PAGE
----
An Edinburg man who earlier this month was found guilty of attempting to take bird feathers, salt crystals and other objects from Sal del Rey in violation of the National Wildlife Refuge System Act is seeking to overturn that conviction.
Eduardo Leal, 52, filed the motion for acquittal Monday via Assistant Federal Public Defender Christopher Gonzalez. Leal is appealing the conviction handed down by U.S. Magistrate Judge J. Scott Hacker on Oct. 4, nearly a month after he presided over Leal’s bench trial.
Hacker found Leal guilty of a federal misdemeanor for attempting to take some 31 bird feathers, salt crystals and pieces of wood from Sal del Rey, one of several natural salt lakes located along State Highway 186 north of Edinburg.
The salt lake and its surrounding environs are part of dozens of tracts of land stretching from Starr County to the Laguna Madre that make up the Lower Rio Grande Valley National Wildlife Refuge System.
Federal law prohibits the removal of items from protected lands, and it was under such law that Leal was cited for two violations last October after a park ranger apprehended him attempting to leave the refuge with a backpack full of items as well as an armful of wood.
However, in the five-page motion accompanying the notice of appeal, Gonzalez argues that the judge erred in his interpretation of the statute governing national refuges and that his client should therefore be acquitted.
The appeal follows an uncommon set of events since the case first came to court in February.
Leal was originally issued two citations in October 2020 — the first for a violation of the refuge systems act, and the second for a violation of the Migratory Bird Treaty Act. Both citations were considered petty offenses and carried monetary penalties totaling about $1,100, according to copies of the citations.
But over the course of several months, Leal vacillated on how he wanted to proceed with the case — first demanding a trial, then seeking a plea deal with prosecutors before again changing his mind and reasserting his right to trial.
At one point, Leal would have had to pay about $550 in fines in exchange for his guilty plea, according to the terms of a plea agreement he ultimately rejected. Instead, he went to trial on Sept. 10.
Hacker found Leal guilty, in part, because Leal did not have authorization to carry out his actions as outlined under a set of exceptions in the statute.
But it’s that very conclusion Hacker used to support his verdict finding which Gonzalez disputes.
Hacker interpreted the exceptions listed in the statute as something the defense could call upon as an “affirmative defense.”
Essentially, an affirmative defense is one in which a defendant does not deny having committed a particular crime, but instead asserts that their actions were justified to the point that they are not criminally liable.
A defendant who claims self-defense as justification for killing a person is one example of an affirmative defense.
Leal doesn’t deny that he possessed the items, nor that he was attempting to take them from the refuge. Indeed, Leal told the park ranger who apprehended him that he had collected the objects for use in creating found art.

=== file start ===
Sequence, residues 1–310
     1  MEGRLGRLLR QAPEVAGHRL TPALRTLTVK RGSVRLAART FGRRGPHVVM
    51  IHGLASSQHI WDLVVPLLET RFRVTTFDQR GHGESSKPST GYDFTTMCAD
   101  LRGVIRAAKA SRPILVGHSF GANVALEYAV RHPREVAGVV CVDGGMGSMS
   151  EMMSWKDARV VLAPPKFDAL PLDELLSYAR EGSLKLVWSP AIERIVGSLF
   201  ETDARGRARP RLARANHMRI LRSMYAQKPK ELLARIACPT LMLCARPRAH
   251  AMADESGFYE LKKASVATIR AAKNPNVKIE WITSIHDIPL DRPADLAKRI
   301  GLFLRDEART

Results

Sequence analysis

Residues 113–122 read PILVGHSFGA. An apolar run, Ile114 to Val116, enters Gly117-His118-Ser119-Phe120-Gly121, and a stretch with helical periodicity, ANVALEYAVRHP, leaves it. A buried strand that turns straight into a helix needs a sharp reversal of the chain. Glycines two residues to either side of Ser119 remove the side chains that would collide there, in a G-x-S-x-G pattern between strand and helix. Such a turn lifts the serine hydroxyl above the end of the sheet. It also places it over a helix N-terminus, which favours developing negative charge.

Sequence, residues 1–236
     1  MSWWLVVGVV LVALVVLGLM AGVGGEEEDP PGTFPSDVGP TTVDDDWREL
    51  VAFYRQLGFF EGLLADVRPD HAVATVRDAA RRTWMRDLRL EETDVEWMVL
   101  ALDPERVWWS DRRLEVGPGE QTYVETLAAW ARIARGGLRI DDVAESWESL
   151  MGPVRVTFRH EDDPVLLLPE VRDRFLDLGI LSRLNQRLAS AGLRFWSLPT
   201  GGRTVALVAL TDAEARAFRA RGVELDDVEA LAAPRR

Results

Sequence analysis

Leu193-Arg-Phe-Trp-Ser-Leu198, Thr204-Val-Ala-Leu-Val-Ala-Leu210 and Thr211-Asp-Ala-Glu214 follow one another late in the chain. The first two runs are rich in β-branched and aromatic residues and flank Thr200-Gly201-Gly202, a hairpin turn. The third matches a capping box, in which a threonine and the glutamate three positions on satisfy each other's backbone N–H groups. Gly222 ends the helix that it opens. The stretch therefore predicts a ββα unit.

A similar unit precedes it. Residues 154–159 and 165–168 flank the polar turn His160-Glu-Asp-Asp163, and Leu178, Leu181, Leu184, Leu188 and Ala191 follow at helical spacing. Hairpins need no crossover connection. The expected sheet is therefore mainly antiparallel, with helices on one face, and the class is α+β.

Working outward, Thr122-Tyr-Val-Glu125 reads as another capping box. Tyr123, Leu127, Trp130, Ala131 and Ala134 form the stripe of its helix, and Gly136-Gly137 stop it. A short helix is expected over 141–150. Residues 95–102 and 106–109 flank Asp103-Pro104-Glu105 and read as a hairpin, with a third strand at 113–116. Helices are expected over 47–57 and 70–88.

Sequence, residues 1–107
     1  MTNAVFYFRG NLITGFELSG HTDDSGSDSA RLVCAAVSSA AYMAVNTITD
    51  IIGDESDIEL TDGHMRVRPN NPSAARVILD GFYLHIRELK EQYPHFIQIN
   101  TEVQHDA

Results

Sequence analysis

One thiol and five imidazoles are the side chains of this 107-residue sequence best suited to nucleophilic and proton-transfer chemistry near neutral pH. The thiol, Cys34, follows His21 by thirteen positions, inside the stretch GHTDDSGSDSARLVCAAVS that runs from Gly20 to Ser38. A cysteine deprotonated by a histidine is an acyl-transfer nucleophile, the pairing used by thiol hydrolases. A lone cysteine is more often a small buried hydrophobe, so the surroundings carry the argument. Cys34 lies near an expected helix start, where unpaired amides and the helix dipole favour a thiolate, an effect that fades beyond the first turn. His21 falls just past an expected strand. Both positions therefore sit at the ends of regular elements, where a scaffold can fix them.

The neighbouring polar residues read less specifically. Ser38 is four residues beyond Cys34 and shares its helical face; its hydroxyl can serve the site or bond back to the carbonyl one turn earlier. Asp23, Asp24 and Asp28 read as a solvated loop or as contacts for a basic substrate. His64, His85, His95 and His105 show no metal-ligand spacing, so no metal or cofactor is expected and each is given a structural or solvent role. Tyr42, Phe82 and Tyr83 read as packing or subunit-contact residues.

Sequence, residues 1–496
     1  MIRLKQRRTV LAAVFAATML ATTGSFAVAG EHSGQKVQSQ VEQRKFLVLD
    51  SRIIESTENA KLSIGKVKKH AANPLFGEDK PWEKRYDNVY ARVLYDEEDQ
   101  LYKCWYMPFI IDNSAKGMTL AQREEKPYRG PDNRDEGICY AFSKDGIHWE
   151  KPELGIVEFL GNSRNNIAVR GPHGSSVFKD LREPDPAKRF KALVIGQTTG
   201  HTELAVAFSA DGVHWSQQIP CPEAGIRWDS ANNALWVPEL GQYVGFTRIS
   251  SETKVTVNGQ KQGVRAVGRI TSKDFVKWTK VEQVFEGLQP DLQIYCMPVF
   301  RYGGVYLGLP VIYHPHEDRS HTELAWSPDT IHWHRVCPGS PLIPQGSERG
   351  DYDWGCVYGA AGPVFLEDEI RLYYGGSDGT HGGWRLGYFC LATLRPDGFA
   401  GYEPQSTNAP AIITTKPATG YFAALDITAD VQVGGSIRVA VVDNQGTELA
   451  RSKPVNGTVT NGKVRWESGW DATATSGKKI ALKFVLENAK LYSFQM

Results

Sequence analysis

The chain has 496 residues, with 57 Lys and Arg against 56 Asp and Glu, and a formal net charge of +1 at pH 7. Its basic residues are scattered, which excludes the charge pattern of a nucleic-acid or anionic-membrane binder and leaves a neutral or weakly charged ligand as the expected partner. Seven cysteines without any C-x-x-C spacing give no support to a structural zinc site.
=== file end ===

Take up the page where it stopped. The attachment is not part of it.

Gonzalez argues that Leal would be ill-equipped to identify whether his actions would qualify under the statute’s exceptions for what can and cannot be done on federal land. Instead, that burden falls on the prosecution, “because the Government (is) better positioned than the defendant to know the legal sources governing permissible uses on its own land,” Gonzalez argues.
As such, the statute’s exceptions would make them an “element” of the crime that the government would have to prove occurred in order for Leal to be found guilty.
And therein lay Gonzalez’s second argument to overturn Leal’s conviction — whether prosecutors sufficiently proved their case.
At trial, Assistant U.S. Attorney Devin Walker argued that Leal’s actions were unauthorized because they didn’t line up with activities that are permitted by the statute, such as hunting, fishing or photography.
In the appeal, Gonzalez argues that since the statute does not define the word “hunt,” the court can consider some of its common meanings as defined by Webster’s Dictionary, including, “to search out” and “to attempt to find something.”
“The evidence presented by the Government failed to establish—much less establish beyond a reasonable doubt—that the defendant’s conduct did not constitute hunting activity,” the appeal reads, in part.
However, the U.S. Fish and Wildlife Service’s own literature describes hunting as “the harvesting of wildlife” that serves as “an important wildlife management tool.”
Furthermore, public notices regarding Sal del Rey, specifically, also make clear that hunting refers to the harvesting of whitetail deer, nilgai and feral hogs via firearms or archery on specific dates, and hunters must apply for permits to participate.
“Hunting is NOT allowed (within) 500 feet of the shoreline of the lake,” reads the refuge’s website.
Leal’s motion for acquittal will ultimately be heard before U.S. District Judge Ricardo H. Hinojosa at a date yet to be set; however, it remains unclear what — if anything — will occur at his sentencing hearing, which court records show is still scheduled before Hacker on Friday morning.
Should the sentencing go forward, or should Hinojosa uphold the conviction, Leal faces up to six months in federal prison and up to $5,000 in fines.